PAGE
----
You reminded me of something I wanted to do though, and that's download pics and list on a USB drive, and then put that in the safe deposit box. That way if the house burns down completely or a tornado hits it, I would still have the info and proof. In the case of tornado and the whole house was gone, it was difficult to impossible for them to prove to LE they were their guns.... even though they had been found in a field or something somewhere, or to the Ins Co's.

Also have all instruments on the personal property policy as well.

Need to get a couple of pics on adds I have, and download on that USB.
 
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A couple quick thoughts to check on with your agent:

1. What's your deductible? For most homeowners it's a significant amount that may keep you from filing a claim for a smaller loss (by design, to keep claims down and therefore rates).
2. Does your policy have specified limits on firearms (or other types of property). Most companies, including the one I represent, set specific limits per item and occurrence for firearms. Some may even exclude them from coverage, depending on company and state.
3. Rather than relying on the limited nature of a homeowners/Renters policy to cover your firearms. You might consider a Personals Articles Policy. These can be written for replacement cost on specific items, including firearms, with as little as $0 deductible, and can typically cover more perils - such as loss and damage. A claim on the policy also prevents you from filing a claim on your homeowners or Renters which will result in a rating and premium increase.

That's enough work. I'm off the clock. Haha.
 
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Great thead Shooter Granny!

A separate insurance policy is maintained on the collection here. Your suggested list is maintained on computer with copies printed off and kept several places. The only thing I add to your already comprehensive list is notation, done in code, for my use only, of whether or not an ATF form was completed for each listing. Just gotta have a little tin foil about the head and ears.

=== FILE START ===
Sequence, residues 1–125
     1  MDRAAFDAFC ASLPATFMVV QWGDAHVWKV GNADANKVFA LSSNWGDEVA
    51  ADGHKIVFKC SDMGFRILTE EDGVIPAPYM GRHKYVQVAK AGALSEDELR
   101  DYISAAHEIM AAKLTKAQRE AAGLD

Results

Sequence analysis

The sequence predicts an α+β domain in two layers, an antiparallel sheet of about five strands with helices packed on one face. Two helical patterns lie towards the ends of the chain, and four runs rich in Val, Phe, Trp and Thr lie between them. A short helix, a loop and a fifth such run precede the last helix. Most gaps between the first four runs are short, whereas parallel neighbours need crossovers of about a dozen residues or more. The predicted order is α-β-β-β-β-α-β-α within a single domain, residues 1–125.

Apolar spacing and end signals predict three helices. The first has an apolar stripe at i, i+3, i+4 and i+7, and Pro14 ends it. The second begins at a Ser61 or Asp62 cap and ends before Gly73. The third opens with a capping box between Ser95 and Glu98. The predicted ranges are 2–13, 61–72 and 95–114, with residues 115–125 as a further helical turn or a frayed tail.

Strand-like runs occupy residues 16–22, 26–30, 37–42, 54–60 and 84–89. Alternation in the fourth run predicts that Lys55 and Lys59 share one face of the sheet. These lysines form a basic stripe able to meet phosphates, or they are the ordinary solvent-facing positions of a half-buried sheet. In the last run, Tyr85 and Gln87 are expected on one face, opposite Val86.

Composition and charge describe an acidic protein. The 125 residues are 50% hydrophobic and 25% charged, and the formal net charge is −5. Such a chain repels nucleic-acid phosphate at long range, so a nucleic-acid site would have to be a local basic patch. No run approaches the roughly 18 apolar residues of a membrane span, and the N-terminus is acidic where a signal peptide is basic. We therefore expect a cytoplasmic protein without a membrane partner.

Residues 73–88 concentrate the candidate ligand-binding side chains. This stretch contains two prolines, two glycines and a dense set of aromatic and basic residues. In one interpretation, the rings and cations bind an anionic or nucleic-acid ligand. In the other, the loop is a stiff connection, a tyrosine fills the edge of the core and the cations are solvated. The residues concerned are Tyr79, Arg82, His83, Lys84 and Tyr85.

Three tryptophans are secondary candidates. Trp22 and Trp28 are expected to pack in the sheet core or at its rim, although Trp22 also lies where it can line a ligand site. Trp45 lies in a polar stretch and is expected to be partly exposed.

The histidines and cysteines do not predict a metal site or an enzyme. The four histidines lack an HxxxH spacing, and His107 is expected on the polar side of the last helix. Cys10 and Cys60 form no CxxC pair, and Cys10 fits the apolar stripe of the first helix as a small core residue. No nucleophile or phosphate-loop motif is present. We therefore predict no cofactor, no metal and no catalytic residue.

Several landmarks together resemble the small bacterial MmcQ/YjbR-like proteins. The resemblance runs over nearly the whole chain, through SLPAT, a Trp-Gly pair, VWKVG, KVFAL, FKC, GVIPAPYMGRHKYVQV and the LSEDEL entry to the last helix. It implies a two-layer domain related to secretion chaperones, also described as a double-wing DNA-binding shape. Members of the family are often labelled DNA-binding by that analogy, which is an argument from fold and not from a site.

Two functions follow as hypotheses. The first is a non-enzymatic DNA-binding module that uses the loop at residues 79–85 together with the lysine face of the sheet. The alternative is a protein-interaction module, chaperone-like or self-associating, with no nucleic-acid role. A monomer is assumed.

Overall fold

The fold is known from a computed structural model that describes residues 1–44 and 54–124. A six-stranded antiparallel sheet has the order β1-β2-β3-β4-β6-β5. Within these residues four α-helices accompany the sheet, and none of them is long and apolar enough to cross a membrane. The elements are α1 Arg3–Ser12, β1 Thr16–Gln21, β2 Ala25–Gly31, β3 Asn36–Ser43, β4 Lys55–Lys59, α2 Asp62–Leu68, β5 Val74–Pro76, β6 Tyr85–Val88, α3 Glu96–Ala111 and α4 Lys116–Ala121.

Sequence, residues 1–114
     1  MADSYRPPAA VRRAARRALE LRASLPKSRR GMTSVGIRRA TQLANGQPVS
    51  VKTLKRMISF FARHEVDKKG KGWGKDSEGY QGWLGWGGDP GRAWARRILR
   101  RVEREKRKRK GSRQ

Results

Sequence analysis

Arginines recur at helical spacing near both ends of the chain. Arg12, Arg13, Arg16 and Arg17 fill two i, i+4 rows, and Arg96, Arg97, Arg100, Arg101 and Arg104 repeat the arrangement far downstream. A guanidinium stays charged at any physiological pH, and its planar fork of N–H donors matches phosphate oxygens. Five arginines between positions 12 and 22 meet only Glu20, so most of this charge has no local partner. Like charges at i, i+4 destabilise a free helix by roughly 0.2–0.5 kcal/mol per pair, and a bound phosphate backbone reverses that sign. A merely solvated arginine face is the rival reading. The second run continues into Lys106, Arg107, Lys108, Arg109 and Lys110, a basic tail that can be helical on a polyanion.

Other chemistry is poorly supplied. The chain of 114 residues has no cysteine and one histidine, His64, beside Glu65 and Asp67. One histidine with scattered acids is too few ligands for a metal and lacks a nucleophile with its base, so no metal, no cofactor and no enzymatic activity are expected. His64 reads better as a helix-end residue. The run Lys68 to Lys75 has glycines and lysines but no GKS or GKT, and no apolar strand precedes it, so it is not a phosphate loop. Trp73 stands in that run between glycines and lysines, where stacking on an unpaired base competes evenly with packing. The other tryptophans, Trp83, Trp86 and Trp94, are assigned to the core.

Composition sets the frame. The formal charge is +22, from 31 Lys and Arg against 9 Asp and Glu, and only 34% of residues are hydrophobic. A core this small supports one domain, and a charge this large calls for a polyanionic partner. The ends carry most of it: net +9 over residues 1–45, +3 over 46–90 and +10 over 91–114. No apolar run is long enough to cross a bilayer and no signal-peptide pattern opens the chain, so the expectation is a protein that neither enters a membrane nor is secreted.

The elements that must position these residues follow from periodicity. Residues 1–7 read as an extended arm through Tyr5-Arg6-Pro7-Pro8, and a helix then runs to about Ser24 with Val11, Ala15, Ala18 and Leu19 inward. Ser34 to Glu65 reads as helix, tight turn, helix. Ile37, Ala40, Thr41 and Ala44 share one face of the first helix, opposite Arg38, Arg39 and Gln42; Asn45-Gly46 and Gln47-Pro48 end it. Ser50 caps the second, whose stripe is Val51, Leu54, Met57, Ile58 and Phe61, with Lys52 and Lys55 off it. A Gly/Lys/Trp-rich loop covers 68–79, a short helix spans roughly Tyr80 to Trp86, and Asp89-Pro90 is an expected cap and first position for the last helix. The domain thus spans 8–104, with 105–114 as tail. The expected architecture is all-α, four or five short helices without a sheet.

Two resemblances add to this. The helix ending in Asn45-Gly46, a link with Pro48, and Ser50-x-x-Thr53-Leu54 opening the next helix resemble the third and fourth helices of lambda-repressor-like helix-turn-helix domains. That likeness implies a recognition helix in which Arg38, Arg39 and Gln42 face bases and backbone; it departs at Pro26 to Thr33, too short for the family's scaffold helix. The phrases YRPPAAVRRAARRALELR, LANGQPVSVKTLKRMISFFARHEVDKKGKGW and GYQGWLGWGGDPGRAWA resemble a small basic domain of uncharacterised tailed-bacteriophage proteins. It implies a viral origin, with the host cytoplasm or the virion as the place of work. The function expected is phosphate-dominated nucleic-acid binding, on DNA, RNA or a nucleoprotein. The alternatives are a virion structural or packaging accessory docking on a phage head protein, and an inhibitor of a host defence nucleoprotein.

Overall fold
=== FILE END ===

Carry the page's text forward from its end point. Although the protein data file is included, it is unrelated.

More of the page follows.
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Any homeowner should have a complete inventory of their belongings. The initial itemization is a pain, but as long as a review is done quarterly or every 6 months, at the longest, updates are pretty quick. In addition to a spreadsheet with details about each item, I keep electronic copies of receipts for any "big ticket" items and photos. All of this is saved to the drop-box folder on my PC. If a tornado happens to take out my home, I will still have access to the files.
 

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Keeping inventory is why I wrote Shot Works Pro a few years ago. Keeps pictures, manuals, all the info about your firearms, ammo, and accessories in a nice, highly encrypted format.
 

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At time of a claim weather its fire, storm or any other peril most cannot tell you what they have as personal property in there homes. I always suggest to my clients to do an inventory of their contents. At the least take pictures of each room, open cabinets, drawer and closets. If you can do a recording with one looking and one recording giving a verbal inventory down to your underwear. Guns are expensive to insure under a Homeowners policy. Best think is have a good safe. NRA has one of the best gun cover policies available. Document each gun and accessories for each. Remember they are going to give you replacement cost. That means a gun you walk out with today may not be as value tomorrow or it could be the other way with increased value. Good luck. ShooterGranny great post!